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FRINGE BENEFITS : Mackie Goes Glitzy for the Ritzy

October 10, 1986|PADDY CALISTRO

Bob Mackie's fall ready-to-wear collection is parading the runway at a glitzy fashion show in Newport Beach. The room is crammed with 400 women anxious to see what one of the biggest names in Hollywood costume design has to offer for offstage dressing.

That the audience is influenced by the entertainment industry is obvious. Near one end of the runway is a Sue Ellen Ewing look-alike in a broad-brim black hat and decolletage, and an Alexis Carrington type in a beribboned straw skimmer and body-hugging silk suit is just a few seats away.

In a sea-foam green ensemble striped with rhinestones is another Mackie fan, a la Vanna White of "Wheel of Fortune." Yet another fan looks as if she, like Meryl Streep, has just ventured out of Africa, complete with pastel shawl, safari shirt and skirt and ivory jewels.

Mackie, who draped TV-costume history on the lean and leggy bodies of Cher, Carol Burnett and Marie Osmond, has geared his Hollywood wear to the masses--or at least those masses who can afford to pay up to $10,000 for a beaded evening gown or $2,500 for a daytime ensemble.

Though Mackie shows outfits for day as well night, these women applaud his day wear only occasionally. They politely clap for the sweaters appliqued with oversize nose-to-nose profiles. And they give a hand to the designer's geometric chemises with Mondrian-style striping.

Enter the glitter--in any form of bead, bangle, bauble or thread--and this crowd at Amen Wardy's hoots, howls and yells "bravo!"

When Mackie's gray jersey gowns sparkle only from the sheen of their metalized leather belts and the studs on their matching flared jackets, there is little applause.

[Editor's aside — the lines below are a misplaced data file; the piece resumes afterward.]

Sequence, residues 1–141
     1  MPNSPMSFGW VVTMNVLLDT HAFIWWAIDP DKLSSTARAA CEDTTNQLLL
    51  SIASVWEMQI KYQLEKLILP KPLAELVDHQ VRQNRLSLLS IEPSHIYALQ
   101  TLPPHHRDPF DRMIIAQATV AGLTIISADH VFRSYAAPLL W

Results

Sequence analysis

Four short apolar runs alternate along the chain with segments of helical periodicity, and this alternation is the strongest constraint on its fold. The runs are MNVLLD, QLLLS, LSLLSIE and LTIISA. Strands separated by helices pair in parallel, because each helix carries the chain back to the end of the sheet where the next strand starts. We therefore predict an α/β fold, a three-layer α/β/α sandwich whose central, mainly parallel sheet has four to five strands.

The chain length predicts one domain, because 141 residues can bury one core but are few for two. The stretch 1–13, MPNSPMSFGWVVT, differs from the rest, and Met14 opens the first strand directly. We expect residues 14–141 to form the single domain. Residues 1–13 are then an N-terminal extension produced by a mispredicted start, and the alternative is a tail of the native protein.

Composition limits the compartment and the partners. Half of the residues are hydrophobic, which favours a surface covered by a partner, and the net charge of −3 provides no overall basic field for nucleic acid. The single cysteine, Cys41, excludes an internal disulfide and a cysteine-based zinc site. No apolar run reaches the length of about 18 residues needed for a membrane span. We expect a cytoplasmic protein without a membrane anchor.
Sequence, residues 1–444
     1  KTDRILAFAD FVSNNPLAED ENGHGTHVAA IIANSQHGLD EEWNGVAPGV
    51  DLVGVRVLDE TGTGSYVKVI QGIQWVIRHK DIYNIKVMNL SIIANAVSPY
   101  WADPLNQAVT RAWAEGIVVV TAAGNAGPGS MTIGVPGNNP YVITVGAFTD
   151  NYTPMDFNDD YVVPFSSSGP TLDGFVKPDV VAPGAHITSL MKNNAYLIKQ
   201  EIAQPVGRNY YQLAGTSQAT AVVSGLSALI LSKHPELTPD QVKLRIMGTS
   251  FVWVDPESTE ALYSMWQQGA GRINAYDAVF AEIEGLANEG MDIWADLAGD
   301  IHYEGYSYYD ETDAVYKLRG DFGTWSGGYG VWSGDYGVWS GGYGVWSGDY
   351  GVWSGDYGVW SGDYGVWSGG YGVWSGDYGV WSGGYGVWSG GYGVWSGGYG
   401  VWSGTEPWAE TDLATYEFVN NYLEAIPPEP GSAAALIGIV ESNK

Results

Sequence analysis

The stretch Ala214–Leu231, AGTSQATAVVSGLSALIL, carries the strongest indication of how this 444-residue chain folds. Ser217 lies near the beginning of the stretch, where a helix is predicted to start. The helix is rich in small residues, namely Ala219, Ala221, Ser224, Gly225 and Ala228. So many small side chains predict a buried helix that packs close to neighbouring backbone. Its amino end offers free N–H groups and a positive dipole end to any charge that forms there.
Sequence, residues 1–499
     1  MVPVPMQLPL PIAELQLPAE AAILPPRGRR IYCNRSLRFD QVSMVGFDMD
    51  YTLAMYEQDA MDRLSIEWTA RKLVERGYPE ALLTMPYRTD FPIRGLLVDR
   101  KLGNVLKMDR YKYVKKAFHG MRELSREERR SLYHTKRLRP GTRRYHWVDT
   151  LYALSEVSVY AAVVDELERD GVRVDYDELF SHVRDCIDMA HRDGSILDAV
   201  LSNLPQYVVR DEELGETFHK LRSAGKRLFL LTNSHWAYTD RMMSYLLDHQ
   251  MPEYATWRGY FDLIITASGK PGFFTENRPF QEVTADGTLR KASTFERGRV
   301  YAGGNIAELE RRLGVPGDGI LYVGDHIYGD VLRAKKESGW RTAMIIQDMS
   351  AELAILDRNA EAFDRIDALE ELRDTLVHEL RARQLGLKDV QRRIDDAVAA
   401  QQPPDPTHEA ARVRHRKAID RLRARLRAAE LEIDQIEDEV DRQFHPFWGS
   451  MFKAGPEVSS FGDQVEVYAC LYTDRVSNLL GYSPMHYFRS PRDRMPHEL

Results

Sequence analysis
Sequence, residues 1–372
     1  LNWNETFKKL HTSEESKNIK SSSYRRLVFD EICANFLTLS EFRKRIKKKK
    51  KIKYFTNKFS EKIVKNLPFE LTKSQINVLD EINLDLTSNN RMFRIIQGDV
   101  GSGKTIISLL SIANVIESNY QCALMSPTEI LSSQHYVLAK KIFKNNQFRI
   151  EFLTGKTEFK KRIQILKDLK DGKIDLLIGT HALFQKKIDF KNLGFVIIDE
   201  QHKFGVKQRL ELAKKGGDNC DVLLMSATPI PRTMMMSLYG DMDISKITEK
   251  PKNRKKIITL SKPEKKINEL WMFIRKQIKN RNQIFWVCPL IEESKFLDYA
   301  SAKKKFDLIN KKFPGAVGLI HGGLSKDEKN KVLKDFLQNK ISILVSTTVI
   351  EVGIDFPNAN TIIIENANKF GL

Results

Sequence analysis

When the glitter returns, so does the applause. Shrieks at the sight of the bronze-and-gold beaded gown with flapper-fringed hem. And similar reactions to vibrantly beaded striped dresses that swirl softly on the body.

Mackie says his customers "like dresses that always look right--clothing they can put on and not have to work at wearing."

Despite a stage full of Hollywood glamour, there is at least one voice of reality at the show. A woman with a well-rounded silhouette whispers to her friend: "Now, I could wear that," pointing to the red-and-black jersey tabard-and-skirt ensemble on the runway. Not blinded by glitz, she sees that, like many of the Mackie fashions, this one is designed to slenderize and lengthen the look of any body.

"Hollywood costuming is just making every star look as good as she can--and the secret is to always make her look as thin and as tall as possible," Mackie explains.

Translating that to ready-to-wear, Mackie uses vertical stripes and elongated torsos to create long lines and skillful draping to camouflage bosoms that have sagged or fannies that have drooped.

In a season when other designers have offered waistline definition and bold beltings, Mackie most often skips over the middle.

"I can put Cher in almost anything and she looks fabulous and makes a statement. But it's the rare woman who can carry that off--and it's the rare woman who wants to."

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